NBER Working Papers by Anna Sinaiko

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Working Papers

September 2014Risk Corridors and Reinsurance in Health Insurance Marketplaces: Insurance for Insurers
with Timothy J. Layton, Thomas G. McGuire: w20515
In order to encourage entry and lower prices, most regulated markets for health insurance include policies that seek to reduce the uncertainty faced by insurers. In addition to risk adjustment of premiums paid to plans, the Health Insurance Marketplaces established by the Affordable Care Act implement reinsurance and risk corridors. Reinsurance limits insurer costs associated with specific individuals, while risk corridors protect against aggregate losses. Both tighten the insurer's distribution of expected costs. This paper considers the economic costs and consequences of reinsurance and risk corridors. Drawing a parallel to individual insurance principles first described by Arrow (1963) and Zeckhauser (1970), we first discuss the optimal insurance policy for insurers. Then, we simulate ...

Published: Timothy J. Layton & Thomas G. McGuire & Anna D. Sinaiko, 2016. "Risk Corridors and Reinsurance in Health Insurance Marketplaces: Insurance for Insurers," American Journal of Health Economics, vol 2(1), pages 66-95. citation courtesy of

May 2014Dominated Choices and Medicare Advantage Enrollment
with Christopher Afendulis, Richard Frank: w20181
Research in behavioral economics suggests that certain circumstances, such as large numbers of complex options or revisiting prior choices, can lead to decision errors. This paper explores the enrollment decisions of Medicare beneficiaries in the Medicare Advantage (MA) program. During the time period we study (2007-2010), private fee-for-service (PFFS) plans offered enhanced benefits beyond those of traditional Medicare (TM) without any restrictions on physician networks or additional cost, making TM a dominated choice relative to PFFS. Yet more than three quarters of Medicare beneficiaries remained in TM during our study period. We explore two possible explanations for this behavior: status quo bias and choice overload. Our results suggest that status quo bias plays an important rol...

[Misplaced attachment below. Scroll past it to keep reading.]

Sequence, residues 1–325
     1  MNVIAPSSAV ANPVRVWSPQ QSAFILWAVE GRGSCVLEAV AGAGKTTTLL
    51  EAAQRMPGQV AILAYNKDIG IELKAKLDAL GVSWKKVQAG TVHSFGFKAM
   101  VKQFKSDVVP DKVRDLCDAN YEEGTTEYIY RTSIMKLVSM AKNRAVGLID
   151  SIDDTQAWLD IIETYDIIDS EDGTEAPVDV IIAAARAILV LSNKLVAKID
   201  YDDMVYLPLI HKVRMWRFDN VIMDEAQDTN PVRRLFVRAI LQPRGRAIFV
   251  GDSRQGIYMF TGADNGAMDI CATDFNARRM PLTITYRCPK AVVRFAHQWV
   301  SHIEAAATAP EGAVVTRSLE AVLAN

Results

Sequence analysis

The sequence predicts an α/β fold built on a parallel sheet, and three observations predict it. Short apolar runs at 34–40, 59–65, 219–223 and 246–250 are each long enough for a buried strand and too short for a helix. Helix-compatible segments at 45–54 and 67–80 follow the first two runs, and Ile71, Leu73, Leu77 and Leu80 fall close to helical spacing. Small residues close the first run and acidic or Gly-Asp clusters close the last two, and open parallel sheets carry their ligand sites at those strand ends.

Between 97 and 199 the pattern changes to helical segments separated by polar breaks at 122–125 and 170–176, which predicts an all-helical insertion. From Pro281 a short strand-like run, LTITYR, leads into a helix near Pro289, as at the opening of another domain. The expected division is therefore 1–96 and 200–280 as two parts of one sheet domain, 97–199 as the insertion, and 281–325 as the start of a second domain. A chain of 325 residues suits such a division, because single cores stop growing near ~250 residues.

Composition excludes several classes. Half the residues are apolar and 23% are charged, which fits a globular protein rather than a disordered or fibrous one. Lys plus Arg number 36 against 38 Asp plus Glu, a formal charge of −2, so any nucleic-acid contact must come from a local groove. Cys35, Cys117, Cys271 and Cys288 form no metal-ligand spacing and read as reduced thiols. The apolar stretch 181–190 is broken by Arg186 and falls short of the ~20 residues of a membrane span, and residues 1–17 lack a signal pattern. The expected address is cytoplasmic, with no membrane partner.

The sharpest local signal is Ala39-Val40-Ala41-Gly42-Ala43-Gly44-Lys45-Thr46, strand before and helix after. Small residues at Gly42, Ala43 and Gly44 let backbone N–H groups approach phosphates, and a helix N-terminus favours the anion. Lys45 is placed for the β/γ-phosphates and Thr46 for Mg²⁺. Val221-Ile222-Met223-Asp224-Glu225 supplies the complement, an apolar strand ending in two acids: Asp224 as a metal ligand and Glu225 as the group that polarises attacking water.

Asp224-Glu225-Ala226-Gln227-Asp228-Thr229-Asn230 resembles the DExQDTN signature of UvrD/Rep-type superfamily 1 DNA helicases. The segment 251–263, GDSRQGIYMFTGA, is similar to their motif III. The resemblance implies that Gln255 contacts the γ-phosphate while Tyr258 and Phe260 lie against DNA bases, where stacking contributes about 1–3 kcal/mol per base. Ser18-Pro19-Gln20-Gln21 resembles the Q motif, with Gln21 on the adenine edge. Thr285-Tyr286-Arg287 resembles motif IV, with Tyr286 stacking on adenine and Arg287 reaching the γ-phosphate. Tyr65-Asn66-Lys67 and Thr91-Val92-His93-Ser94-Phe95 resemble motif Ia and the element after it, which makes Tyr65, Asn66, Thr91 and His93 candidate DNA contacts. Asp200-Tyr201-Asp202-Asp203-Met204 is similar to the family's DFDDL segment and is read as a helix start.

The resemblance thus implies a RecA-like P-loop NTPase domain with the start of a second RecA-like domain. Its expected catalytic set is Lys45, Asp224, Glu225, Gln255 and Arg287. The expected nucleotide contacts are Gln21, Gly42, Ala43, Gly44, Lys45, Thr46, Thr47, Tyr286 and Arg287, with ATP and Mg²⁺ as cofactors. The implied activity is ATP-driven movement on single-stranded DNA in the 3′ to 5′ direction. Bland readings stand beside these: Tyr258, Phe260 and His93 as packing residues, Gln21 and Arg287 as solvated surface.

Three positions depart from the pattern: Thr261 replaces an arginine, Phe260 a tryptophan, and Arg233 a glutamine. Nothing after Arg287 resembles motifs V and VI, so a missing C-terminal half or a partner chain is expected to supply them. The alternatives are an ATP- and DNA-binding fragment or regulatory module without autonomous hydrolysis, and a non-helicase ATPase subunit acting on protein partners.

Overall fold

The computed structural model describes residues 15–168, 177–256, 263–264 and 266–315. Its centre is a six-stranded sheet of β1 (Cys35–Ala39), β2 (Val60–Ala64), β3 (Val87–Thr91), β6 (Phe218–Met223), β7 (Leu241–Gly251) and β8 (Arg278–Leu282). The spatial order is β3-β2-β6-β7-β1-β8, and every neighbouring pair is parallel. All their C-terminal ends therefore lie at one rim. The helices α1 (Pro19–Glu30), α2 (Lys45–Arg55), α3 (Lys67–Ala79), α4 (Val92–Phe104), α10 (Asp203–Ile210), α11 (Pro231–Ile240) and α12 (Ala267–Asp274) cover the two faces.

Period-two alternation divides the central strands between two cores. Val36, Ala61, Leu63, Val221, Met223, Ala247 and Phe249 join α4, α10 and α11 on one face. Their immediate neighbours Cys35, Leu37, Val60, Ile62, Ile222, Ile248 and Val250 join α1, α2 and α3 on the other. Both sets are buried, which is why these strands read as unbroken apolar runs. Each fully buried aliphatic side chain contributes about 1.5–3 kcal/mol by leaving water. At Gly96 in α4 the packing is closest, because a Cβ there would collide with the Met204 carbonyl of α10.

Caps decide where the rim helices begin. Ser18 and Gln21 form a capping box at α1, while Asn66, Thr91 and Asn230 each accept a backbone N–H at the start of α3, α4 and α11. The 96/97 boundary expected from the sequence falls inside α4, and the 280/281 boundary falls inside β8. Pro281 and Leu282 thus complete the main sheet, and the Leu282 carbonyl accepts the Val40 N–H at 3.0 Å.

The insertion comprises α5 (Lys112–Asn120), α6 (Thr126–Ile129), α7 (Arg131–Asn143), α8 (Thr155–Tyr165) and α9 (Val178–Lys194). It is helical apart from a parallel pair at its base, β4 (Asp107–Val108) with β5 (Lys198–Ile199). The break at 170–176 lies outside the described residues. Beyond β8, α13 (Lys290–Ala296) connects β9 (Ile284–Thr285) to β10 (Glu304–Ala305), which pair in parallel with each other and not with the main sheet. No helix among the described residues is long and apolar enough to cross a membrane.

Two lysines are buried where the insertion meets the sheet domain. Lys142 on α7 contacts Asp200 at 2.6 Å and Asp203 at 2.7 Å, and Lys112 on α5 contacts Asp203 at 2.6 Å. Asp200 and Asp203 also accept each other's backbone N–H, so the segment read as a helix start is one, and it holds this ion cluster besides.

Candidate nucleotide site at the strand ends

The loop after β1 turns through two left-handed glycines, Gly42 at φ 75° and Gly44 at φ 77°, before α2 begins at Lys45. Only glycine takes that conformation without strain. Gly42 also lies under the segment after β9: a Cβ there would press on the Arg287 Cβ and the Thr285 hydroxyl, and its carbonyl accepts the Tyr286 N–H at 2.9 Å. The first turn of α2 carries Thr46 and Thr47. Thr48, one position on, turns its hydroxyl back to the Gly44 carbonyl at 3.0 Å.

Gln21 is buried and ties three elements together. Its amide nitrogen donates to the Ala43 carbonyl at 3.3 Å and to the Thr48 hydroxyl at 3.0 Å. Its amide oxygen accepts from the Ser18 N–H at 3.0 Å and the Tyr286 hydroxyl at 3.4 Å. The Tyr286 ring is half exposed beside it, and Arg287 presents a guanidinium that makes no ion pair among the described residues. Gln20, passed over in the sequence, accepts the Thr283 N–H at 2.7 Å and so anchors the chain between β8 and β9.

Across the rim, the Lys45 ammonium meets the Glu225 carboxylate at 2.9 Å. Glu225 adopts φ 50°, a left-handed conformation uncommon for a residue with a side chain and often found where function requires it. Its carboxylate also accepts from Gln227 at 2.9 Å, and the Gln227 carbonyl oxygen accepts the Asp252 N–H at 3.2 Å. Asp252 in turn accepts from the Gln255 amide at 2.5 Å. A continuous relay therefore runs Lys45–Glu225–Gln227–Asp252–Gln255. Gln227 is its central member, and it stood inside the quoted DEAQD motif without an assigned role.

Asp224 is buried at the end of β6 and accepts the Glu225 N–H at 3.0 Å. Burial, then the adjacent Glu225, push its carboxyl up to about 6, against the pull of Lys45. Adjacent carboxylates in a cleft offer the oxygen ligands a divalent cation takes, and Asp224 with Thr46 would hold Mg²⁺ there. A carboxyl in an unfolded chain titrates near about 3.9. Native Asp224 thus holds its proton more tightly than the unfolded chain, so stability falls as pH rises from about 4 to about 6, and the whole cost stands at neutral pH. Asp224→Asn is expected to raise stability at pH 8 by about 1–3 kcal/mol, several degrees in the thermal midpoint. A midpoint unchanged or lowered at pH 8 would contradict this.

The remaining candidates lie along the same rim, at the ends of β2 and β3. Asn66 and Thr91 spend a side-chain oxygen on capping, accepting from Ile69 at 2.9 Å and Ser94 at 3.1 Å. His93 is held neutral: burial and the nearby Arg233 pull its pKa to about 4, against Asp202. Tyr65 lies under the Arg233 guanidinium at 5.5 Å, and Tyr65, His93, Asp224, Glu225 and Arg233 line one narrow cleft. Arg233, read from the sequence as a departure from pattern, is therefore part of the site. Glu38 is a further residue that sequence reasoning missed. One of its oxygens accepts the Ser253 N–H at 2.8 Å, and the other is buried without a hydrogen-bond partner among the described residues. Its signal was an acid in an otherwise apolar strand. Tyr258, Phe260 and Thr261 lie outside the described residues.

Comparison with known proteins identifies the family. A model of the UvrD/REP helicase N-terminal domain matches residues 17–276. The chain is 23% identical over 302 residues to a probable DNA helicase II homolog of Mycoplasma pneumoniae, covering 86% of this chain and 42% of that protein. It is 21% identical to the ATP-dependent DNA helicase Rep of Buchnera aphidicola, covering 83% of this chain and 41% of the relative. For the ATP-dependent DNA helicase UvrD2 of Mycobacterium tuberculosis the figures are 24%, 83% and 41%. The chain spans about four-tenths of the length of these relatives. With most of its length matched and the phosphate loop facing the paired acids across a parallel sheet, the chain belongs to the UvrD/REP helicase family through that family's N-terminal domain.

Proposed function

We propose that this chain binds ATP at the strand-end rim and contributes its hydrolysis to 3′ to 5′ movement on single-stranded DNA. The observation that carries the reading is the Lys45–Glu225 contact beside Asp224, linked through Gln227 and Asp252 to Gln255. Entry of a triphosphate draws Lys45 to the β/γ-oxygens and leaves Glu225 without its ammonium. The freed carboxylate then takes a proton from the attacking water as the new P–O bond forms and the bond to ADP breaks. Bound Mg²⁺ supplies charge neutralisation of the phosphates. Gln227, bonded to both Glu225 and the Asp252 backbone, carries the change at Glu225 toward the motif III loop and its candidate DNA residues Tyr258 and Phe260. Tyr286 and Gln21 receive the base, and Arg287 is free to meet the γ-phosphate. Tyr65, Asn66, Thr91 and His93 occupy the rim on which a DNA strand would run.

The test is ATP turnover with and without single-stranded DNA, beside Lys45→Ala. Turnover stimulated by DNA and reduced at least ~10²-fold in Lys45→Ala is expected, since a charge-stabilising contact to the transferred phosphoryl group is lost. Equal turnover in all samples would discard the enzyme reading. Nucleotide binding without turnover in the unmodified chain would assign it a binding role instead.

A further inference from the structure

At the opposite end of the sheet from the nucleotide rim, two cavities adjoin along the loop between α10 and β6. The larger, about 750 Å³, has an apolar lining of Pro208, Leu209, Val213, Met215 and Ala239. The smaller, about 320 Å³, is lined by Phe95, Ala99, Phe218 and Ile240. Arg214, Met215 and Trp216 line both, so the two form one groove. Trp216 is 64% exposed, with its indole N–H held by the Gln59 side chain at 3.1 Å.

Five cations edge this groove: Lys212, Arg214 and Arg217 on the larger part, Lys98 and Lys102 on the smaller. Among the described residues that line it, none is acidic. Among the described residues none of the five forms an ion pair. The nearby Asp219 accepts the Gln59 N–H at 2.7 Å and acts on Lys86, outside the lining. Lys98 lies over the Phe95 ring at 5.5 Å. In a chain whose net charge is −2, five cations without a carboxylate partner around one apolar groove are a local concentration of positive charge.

Published: Christopher C. Afendulis & Anna D. Sinaiko & Richard G. Frank, 2015. "Dominated choices and Medicare Advantage enrollment," Journal of Economic Behavior & Organization, vol 119, pages 72-83.

November 2013Enrollment in Medicare Advantage Plans in Miami-Dade County: Evidence of Status Quo Bias?
with Christopher C. Afendulis, Richard G. Frank: w19639
Evidence from behavioral economics reveals that decision-making in health care settings can be affected by circumstances and choice architecture. This paper conducts an analysis of choice of private Medicare plans (Medicare Advantage plans) in Miami-Dade County. We provide a detailed description of the choice of MA plans available in Miami over much of the program's history and the composition of Medicare beneficiaries in Miami over the 2000s. Our analysis suggests that first becoming eligible for Medicare is the key transition point for MA, and that there is significant status quo bias in the MA market. This consumer behavior has important implications for policy that regulates the MA market.

Published: Enrollment in Medicare Advantage Plans in Miami-Dade County Evidence of Status Quo Bias? Anna D. Sinaiko, PhD, MPP1 Christopher C. Afendulis, PhD2 Richard G. Frank, PhD2 INQUIRY August 2013 vol. 50 no. 3 202-215

June 2008State and Federal Approaches to Health Reform: What Works for the Working Poor?
with Ellen Meara, Meredith Rosenthal, Katherine Baicker: w14125
We compare and contrast the labor market and distributional impact of three common approaches to state and federal health insurance expansion: public insurance expansions, refundable tax credits for low income people, and employer and individual mandates. We draw on existing estimates from the literature and individual-level data on the non-institutionalized population aged 64 and younger from the 2005 Current Population Survey to estimate how each approach affects (1) the number of people insured; (2) private and public health spending; (3) employment and wages; and (4) the distribution of subsidies across families based on income in relation to the federal poverty level and work status of adult family members. Employer mandates expand coverage to the largest number of previously insured ...


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